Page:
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Genes Dev. 1993 Jun;7(6):974-85.

A conditional sterile mutation eliminates surface components from Arabidopsis pollen and disrupts cell signaling during fertilization.

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1
Department of Biochemistry, Stanford University, California 94305.

Abstract

Plants distinguish among the pollen grains that land on the stigma, permitting only compatible pollen to fertilize egg cells. To investigate these cell-cell interactions, Arabidopsis mutations that affect pollen-pistil communication were isolated. A male-sterile mutation that disrupts pollen-pistil interactions by eliminating the extracellular pollen coat (tryphine) is described here. Stigma cells that contact the mutant pollen produce callose, a carbohydrate synthesized in response to foreign pollen. The mutant pollen fails to germinate because it does not absorb water from the stigma, yet germinates in vitro, indicating it is viable. The defect is also conditional; high humidity results in pollen hydration and successful fertilization. Analysis of mature, mutant pollen indicated that it is deficient in long-chain lipids and has none of the lipoidic tryphine normally present on its surface. Immature mutant pollen grains have aberrant tryphine that disappears during pollen development. The sterile plants also lack stem waxes, and pollen from other wax-defective (eceriferum) mutants with reduced fertility has few of the lipid droplets normally present in tryphine. These results demonstrate that tryphine is critical for pollen-stigma interactions and suggest that tryphine lipids are required for fertilization, either by directly signaling the stigma or by stabilizing other tryphine components.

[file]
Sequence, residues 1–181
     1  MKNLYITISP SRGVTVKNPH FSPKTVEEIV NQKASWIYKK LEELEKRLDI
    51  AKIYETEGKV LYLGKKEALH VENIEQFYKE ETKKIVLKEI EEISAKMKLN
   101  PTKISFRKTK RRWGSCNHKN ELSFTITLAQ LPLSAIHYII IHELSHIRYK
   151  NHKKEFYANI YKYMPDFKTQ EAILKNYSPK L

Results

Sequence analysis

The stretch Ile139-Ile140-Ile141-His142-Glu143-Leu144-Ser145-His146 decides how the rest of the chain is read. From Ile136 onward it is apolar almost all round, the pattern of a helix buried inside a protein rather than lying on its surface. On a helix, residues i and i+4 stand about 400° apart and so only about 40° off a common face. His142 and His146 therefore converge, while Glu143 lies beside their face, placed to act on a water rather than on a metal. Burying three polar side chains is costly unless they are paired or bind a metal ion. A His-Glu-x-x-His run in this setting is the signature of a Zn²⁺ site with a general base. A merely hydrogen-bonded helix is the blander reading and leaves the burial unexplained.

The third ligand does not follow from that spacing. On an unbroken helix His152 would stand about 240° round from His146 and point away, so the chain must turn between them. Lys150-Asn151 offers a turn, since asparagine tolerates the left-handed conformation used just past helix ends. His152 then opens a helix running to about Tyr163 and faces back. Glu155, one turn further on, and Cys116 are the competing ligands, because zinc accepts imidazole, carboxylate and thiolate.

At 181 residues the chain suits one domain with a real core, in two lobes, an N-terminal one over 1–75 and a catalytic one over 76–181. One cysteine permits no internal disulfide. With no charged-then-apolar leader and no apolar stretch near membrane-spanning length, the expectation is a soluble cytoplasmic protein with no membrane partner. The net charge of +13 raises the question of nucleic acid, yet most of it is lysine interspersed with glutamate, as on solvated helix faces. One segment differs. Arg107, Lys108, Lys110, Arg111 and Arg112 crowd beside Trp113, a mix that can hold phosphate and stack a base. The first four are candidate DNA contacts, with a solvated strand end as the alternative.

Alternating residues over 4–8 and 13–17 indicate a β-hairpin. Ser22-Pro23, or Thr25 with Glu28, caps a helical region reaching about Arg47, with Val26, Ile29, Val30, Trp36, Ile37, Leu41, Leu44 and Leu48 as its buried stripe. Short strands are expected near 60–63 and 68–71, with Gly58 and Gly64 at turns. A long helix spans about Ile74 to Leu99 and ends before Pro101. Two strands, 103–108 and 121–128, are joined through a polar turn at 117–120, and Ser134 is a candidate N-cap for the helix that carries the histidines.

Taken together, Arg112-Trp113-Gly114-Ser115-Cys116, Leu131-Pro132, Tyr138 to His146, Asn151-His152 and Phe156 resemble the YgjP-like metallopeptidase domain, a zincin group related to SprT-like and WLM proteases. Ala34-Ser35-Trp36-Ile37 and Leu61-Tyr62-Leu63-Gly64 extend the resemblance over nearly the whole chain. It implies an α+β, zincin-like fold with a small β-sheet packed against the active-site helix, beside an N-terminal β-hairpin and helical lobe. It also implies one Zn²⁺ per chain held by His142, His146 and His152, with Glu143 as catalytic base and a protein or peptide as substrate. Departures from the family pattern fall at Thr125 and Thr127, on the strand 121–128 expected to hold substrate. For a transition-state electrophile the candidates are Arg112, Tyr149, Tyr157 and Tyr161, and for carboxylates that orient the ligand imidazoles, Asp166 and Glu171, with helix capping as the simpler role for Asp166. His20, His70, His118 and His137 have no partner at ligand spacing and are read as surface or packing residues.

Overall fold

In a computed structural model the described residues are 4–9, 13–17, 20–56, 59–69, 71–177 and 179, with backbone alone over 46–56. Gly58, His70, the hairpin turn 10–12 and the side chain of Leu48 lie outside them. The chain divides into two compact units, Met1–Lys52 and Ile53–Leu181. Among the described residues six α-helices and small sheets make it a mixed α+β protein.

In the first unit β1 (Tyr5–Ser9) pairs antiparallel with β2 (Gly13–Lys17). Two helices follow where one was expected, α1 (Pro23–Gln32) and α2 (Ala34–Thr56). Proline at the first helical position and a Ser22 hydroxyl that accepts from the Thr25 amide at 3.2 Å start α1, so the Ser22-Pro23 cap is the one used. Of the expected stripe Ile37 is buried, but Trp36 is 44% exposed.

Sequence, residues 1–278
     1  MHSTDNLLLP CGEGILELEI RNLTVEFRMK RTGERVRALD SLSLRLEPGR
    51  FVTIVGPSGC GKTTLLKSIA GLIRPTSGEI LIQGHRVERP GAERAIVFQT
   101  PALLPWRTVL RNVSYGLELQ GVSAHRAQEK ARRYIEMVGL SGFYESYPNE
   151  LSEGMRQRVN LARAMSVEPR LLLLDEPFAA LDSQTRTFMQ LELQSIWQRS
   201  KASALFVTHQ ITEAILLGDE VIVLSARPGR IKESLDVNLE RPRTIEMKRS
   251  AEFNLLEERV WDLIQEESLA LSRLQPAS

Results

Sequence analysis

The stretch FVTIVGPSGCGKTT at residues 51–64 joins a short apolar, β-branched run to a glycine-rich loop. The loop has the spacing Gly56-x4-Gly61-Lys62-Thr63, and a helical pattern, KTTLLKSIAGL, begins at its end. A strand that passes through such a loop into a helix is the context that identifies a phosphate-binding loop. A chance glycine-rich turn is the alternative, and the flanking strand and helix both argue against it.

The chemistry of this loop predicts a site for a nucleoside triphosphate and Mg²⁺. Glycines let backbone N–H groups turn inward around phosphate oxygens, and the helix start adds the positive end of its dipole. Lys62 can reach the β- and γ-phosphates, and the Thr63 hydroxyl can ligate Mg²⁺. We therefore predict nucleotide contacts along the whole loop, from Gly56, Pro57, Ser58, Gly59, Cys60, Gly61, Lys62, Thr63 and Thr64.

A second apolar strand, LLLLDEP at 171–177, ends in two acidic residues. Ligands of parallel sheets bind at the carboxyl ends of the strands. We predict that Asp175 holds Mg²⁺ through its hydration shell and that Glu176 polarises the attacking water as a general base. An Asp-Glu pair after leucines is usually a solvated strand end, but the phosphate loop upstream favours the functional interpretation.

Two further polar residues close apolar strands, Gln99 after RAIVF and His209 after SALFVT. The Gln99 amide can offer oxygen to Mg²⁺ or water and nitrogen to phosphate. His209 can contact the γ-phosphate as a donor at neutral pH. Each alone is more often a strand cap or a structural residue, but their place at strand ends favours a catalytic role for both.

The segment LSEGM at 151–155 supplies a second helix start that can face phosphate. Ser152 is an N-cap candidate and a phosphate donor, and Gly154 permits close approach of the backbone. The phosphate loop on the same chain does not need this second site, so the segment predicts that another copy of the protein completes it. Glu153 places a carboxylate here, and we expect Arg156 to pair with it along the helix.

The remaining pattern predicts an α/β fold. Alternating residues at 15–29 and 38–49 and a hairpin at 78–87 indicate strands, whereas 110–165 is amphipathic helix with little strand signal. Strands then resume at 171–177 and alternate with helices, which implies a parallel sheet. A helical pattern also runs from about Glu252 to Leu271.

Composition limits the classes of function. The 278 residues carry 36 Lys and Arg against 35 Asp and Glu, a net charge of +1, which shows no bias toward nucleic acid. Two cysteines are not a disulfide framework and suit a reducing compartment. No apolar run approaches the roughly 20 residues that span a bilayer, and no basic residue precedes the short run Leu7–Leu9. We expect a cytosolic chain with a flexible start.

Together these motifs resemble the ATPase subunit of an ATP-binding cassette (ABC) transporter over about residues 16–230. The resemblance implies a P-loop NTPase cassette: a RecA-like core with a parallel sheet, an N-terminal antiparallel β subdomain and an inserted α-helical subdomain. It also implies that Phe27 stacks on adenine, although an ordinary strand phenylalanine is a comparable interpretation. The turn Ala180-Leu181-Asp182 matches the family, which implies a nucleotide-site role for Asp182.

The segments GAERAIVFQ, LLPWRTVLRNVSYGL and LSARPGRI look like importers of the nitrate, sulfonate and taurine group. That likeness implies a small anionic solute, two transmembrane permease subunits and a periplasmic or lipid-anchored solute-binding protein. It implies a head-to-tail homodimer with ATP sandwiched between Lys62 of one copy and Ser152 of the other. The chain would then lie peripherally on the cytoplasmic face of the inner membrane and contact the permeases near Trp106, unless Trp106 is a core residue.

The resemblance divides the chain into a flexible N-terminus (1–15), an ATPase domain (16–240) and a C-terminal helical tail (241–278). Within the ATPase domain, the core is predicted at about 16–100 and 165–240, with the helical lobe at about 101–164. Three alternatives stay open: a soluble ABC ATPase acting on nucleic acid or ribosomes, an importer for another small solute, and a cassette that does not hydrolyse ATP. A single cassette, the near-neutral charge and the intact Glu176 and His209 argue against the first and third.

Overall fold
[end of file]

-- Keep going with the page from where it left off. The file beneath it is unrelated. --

PMID:
8504936
[Indexed for MEDLINE]
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